NO GENDER took shape in Vietnam over fifteen years ago, when Sylvain Tremblay was visiting an orphanage with an adoption organization. Someone put a baby, said to be a hermaphrodite, in his arms. The event left a permanent mark on him. He was fascinated to think that he had come face to face with a being who was simultaneously male and female. Learning that we have this “variation in sex” as part of humanity’s richness, and that someone would seek to decide the gender of these unique individuals for them, without their consent, upset Tremblay. Ever since, he has wondered: what if they were wrong?
The artist and his team have made a number of trips to countries around the globe, seeking out intersexuals (the term for those born with a variation in sexual characteristics). This project presents the accounts of intersex people on different continents, who proclaim their right to exist and to choose their own sex. The process clarified the importance of not assigning a sex at birth. Everyone agreed: society imposes gender – male or female, with no other options.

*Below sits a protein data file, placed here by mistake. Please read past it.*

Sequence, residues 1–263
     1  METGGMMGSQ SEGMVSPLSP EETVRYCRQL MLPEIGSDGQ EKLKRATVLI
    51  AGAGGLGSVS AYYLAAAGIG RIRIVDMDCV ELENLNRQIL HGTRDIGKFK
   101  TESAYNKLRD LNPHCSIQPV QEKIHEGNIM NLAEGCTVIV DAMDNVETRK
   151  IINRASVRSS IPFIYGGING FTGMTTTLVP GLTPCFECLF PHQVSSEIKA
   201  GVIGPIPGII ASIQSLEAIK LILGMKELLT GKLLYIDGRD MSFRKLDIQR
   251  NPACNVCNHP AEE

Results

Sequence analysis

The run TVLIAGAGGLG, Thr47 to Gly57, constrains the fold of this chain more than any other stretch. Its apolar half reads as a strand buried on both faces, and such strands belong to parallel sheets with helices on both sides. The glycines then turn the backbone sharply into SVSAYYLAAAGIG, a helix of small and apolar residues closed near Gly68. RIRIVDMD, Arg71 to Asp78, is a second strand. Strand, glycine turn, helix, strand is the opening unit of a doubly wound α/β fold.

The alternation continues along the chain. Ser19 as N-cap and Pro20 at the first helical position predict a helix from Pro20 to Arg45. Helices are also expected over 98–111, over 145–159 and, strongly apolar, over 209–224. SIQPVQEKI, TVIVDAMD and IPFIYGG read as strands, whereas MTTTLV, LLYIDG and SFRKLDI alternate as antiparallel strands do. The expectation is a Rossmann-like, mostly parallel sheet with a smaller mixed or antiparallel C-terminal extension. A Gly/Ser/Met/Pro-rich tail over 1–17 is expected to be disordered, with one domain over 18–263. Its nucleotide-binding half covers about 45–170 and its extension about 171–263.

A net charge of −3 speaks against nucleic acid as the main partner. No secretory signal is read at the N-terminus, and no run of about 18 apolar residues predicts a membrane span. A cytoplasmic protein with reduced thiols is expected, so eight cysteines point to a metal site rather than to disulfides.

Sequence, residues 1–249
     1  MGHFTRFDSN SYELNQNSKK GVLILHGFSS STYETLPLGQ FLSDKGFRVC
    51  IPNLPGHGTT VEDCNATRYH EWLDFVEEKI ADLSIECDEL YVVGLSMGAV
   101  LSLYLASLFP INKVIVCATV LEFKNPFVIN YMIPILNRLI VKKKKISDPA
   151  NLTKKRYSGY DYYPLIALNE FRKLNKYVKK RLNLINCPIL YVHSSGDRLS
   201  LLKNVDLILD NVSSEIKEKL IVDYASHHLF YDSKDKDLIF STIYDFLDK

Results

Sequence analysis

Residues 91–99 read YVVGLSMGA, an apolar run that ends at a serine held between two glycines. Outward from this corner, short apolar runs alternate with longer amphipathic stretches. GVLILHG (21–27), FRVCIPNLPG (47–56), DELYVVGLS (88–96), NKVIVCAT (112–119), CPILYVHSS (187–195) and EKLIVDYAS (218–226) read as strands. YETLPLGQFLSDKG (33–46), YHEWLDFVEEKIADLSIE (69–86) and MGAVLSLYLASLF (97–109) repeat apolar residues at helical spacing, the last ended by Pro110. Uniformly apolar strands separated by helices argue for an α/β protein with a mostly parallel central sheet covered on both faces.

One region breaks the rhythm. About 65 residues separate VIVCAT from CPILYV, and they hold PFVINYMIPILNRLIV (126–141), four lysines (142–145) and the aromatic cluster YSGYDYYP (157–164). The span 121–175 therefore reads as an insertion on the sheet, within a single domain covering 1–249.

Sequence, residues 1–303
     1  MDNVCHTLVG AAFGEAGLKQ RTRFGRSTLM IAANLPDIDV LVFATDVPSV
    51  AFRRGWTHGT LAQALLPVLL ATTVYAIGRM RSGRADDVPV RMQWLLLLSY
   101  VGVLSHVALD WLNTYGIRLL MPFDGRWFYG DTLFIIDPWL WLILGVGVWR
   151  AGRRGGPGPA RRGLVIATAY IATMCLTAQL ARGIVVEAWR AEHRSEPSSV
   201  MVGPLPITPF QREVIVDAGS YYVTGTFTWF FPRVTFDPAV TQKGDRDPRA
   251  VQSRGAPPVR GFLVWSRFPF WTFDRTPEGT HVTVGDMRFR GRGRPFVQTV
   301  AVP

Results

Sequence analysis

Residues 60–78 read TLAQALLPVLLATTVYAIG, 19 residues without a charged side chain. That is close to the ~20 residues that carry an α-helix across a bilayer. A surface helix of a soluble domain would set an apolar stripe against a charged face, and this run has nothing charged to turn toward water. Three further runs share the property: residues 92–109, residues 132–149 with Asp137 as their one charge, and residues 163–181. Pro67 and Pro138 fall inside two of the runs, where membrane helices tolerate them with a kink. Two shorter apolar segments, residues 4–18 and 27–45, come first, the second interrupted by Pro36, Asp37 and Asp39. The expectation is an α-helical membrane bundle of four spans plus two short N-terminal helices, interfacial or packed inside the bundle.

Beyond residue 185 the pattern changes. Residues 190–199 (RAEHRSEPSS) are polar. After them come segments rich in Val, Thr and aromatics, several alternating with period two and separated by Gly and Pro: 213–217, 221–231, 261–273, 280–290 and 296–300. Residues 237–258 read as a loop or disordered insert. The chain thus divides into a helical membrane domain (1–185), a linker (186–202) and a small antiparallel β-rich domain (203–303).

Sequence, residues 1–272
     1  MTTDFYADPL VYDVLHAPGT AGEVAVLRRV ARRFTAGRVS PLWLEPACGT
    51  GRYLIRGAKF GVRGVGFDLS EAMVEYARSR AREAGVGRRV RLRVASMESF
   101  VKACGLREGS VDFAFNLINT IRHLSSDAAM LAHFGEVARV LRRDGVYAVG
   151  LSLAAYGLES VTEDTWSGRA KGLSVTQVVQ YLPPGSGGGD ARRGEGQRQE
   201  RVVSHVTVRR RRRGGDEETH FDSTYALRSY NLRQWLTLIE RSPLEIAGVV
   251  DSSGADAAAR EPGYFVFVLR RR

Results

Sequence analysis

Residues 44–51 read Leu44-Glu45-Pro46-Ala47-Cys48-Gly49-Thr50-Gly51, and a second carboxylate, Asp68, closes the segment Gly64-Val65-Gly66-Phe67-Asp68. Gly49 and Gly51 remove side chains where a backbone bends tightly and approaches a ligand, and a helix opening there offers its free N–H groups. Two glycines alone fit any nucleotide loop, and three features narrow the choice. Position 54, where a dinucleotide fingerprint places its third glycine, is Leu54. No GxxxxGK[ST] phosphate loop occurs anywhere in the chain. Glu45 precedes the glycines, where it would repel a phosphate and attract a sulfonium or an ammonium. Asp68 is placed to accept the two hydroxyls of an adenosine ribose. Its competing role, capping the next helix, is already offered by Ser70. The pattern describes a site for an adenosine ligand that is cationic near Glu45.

Through this project, Sylvain Tremblay speaks out against this situation and offers a reflection on the themes of isolation, physical difference and acceptance in all societies.
The installation comprises twelve canvases, all the same size (72 in. x 72 in.), and a video.
The series of canvases includes six general works and six portraits of individuals encountered on several continents. The canvases are steeped in red, evoking blood which, for the artist, represents life and death. There is also a lot of nudity in this series. It expresses the integrity of the human body. The artist sees these paintings hung on white walls, all in the same room. Eight of them have special lighting (neon) and require electrical outlets nearby.
The video is the thirteenth work in the installation. It will be projected on the wall, in the same format as the paintings (72 in. x 72 in.).
The arrangement of the installation will vary depending on the exhibition space.
Finally, note that this show is accompanied by a 64-page colour booklet which includes pieces by journalist Mylène Tremblay, members of the team and some of the intersexuals encountered.